The major shift I am referring to is the steadily increasing contribution of this community to improving not just their own lives, but also the businesses and societies to which they belong. They have made those businesses and societies better in numerous ways, via the many roles that they and their supporters fill: as employees, team leaders, top executives, entrepreneurs, consultants, investors, lawyers, customers, media figures, students, lecturers, researchers, staff in nonprofits and nongovernmental organizations, activists, citizens, family members, friends – ultimately, as agents of cultural, legal and economic change.



This brings us back to pinkwashing: A decade ago the term didn’t even exist, at least not in the context of LGBT+ inclusion. It was a different world. For example:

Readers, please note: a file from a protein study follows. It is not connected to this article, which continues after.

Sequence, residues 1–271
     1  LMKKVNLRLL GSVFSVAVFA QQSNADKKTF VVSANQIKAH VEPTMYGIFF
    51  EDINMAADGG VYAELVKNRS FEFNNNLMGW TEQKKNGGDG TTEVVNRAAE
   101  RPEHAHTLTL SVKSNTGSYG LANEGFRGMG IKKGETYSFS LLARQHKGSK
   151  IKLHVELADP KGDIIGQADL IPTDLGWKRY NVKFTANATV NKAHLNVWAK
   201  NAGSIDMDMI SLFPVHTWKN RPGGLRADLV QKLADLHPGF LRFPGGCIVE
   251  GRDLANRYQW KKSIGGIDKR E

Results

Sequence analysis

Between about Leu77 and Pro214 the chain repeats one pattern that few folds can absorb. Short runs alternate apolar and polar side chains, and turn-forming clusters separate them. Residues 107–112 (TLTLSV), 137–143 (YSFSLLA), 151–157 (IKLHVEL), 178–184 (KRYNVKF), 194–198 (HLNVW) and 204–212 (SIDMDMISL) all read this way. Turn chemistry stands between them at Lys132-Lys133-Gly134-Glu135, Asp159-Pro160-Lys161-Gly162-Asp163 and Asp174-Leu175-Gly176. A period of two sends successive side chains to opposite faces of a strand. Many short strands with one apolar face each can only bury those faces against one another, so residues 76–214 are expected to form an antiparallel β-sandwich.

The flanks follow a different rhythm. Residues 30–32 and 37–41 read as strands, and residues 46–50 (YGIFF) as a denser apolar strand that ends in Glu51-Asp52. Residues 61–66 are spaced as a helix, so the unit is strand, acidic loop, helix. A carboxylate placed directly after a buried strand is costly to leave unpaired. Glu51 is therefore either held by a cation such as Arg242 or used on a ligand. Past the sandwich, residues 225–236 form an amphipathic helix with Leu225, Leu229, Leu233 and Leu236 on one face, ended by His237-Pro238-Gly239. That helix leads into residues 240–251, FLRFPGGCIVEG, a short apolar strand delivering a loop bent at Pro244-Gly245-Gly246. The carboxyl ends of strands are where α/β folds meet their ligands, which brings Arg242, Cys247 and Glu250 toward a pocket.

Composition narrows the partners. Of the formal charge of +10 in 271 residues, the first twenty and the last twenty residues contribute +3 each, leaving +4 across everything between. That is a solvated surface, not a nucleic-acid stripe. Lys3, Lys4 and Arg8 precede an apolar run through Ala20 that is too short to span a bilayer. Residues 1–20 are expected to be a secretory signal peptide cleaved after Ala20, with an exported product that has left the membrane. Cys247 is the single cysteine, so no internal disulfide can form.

• There weren’t the many companies we see today aiming to move visibly towards more LGBT+ inclusion not only at work but also in the markets, communities and societies in which they operate.


  • There weren’t the many LGBT+ and ally activists in companies across all genders, ages, ethnicities and hierarchical levels, some of whom are now shown in global and national role model rankings, their activist success celebrated by a variety of awards and on social media such as LinkedIn, Twitter, Facebook etc.


  • There were no CEOs and other top executive leaders – out as LGBT+ or acting as straight allies – arguing the LGBT+ equality business case based on an increasing body of economic and psychological research, and sometimes additionally on the grounds that including every person as she, he or they is, is simply the right thing to do.